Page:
4. The computer is often doing a different job than the man is doing, for there is a tendency– usually a good one—to enlarge the scope of a problem at the same time it is first programmed for a computer. People are often tempted to “compare apples with houses” in this case.
  5. The computer is probably a more steadfast employee, whereas human beings tend to move on to other responsibilities and must be replaced by other human beings who must, in turn, be trained.
In other words, if a job is worth doing, it is worth doing right.

Sometimes the error is creating a program at all.
Unfortunately, the cost of developing, supporting, and maintaining a program frequently exceeds the value it produces. In any case, no amount of fixing small program errors can eliminate the big error of writing the program in the first place. For examples and explanations, read the chapter on “it shouldn’t even be done.”

The full process, 1960
If a job is a computer job, it should be handled as such without hesitation. Of course, we are obligated to include the cost of programming and testing in any justification of a new computer application. Furthermore we must not be tempted to cut costs at the end by skimping on the testing effort. An incorrect program is indeed worth less than no program at all because the false conclusions it may inspire can lead to many expensive errors.

We must not confuse cost and value.
Even after all this time, some managers still believe they can get away with skimping on the testing effort. For examples and explanations, read the section on “What Do Errors Cost?”

Coding is not the end, even in 1960
A greater danger than false economy is ennui. Sometimes a programmer, upon finishing the coding phase of a problem, feels that all the interesting work is done. He yearns to move on to the next problem.

Programs can become erroneous without changing a bit.
You may have noticed the consistent use of “he” and “his” in this quoted passage from an ancient book. These days, this would be identified as “sexist writing,” but it wasn’t called “sexist” way back then. This is an example of how something that wasn’t an error in the past becomes an error with changing culture, changing language, changing hardware, or perhaps new laws. We don’t have to do anything to make an error, but we have to do a whole lot not to make an error.

We keep learning, but is it enough?
Thus as soon as the program looks correct—or, rather, does not look incorrect—he convinces himself it is finished and abandons it. Programmers at this time are much more fickle than young lovers.
Such actions are, of course, foolish. In the first place, we cannot so easily abandon our programs and relieve ourselves of further obligation to them. It is very possible under such circumstances that in the middle of a new problem we shall be called upon to finish our previous shoddy work—which will then seem even more dry and dull, as well as being much less familiar. Such unfamiliarity is no small problem. Much grief can occur before the programmer regains the level of thought activity he achieved in originally writing the program. We have emphasized flow diagramming and its most important assistance to understanding a program but no flow diagram guarantees easy reading of a program. The proper flow diagram does guarantee the correct logical guide through the program and a shorter path to correct understanding.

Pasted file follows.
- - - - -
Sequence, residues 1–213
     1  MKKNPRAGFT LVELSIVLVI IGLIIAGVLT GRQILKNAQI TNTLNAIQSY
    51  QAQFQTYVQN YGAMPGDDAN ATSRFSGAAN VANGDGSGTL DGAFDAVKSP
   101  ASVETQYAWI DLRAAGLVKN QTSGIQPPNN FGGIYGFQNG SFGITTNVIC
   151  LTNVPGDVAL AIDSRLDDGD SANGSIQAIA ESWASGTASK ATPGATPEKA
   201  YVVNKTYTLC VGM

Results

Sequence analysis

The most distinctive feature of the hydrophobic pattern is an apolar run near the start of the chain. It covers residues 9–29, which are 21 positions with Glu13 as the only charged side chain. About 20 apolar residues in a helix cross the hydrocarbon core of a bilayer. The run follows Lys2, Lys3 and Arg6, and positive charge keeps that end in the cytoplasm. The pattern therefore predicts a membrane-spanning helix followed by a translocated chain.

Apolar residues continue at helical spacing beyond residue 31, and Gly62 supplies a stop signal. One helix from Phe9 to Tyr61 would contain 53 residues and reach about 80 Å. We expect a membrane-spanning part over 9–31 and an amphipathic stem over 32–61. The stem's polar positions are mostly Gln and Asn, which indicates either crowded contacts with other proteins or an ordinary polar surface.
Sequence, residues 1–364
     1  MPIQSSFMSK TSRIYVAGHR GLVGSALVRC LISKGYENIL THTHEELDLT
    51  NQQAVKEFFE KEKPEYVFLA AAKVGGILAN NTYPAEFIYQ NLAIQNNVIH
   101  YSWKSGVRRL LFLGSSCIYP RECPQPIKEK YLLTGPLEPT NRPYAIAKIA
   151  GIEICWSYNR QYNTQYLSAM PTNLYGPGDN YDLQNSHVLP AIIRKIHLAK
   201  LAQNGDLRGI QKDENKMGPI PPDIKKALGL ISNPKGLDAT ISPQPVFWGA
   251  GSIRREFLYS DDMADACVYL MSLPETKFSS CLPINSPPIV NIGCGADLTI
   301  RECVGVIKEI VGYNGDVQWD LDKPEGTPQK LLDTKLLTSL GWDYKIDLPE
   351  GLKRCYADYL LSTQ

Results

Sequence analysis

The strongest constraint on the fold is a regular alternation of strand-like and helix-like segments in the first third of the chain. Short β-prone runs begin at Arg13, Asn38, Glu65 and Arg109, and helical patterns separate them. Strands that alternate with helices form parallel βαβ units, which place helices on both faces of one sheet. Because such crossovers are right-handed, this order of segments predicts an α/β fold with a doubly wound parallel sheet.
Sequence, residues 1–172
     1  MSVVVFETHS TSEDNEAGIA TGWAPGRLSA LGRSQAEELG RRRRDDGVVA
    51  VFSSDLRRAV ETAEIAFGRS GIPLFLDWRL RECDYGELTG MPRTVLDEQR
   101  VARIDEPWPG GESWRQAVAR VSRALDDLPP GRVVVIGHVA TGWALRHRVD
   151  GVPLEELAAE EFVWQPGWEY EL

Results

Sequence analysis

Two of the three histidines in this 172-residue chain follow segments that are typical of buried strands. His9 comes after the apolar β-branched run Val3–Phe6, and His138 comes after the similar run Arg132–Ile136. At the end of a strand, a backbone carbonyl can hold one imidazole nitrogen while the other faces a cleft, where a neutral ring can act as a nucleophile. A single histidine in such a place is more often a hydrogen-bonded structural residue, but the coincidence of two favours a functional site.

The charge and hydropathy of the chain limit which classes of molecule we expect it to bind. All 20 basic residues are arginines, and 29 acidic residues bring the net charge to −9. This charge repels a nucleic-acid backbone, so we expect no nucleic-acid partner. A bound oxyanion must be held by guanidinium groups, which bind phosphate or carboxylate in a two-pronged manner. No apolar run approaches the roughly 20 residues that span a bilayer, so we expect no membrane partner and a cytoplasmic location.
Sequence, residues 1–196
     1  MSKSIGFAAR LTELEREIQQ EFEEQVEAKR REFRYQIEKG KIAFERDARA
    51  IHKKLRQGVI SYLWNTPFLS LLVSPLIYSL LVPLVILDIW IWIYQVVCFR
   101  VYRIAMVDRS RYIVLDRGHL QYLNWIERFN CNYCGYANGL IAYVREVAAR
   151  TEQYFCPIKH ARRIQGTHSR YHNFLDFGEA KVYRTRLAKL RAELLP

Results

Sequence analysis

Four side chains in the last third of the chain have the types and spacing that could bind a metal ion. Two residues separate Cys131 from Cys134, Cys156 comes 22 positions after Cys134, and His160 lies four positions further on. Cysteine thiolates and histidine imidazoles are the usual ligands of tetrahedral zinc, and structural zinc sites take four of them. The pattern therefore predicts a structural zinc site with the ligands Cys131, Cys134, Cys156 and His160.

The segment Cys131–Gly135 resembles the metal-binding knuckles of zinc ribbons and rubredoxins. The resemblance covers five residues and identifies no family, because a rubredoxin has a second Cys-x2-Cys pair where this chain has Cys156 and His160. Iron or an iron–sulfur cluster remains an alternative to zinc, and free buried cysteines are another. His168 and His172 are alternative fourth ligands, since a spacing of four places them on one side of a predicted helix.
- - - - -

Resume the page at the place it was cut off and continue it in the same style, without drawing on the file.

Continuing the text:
It is amazing how one goes about developing a coding structure. Often the programmer will review his coding with astonishment. He will ask incredulously, “How was it possible for me to construct this coding logic? I never could have developed this logic initially.” This statement is well-founded. It is a rare case where the programmer can immediately develop the final logical construction. Normally programming is a series of attempts, of two steps forward and one step backward. As experience is gained in understanding the problem and applying techniques—as the programmer becomes more immersed in the program’s intricacies—his logic improves. We could almost relate this logical building to a pyramid. In testing out the problem we must climb the same pyramid as in coding. In this case, however, we must take care to root out all misconstructed blocks, being careful not to lose our footing on the slippery sides. Thus, if we are really bored with a problem, the smartest approach is to finish it as correctly as possible so we shall never see it again.

In the second place, the testing of a program, properly approached, is by far the most intriguing part of programming. Truly the mettle of the programmer is tested along with the program. No puzzle addict could experience the miraculous intricacies and subtleties of the trail left by a program gone wrong. In the past, these interesting aspects of program testing have been dampened by the difficulty in rigorously extracting just the information wanted about the performance of a program. Now, however, sophisticated systems are available to relieve the programmer of much of this burden.

Testing for errors grows more difficult every year.
The previous sentence was an optimistic statement a half-century ago, but not because it was wrong. Over all these years, hundreds of tools have been built attempting to simplify the testing burden. Some of them have actually succeeded. At the same time, however, we’ve never satisfied our hunger for more sophisticated applications. So, though our testing tools have improved, our testing tasks have outpaced them. For examples and explanations, read about “preventing testing from growing more difficult.” 

If you're as interested in errors as I am, you can obtain a copy of Errors here:

ERRORS, bugs, boo-boos, blunders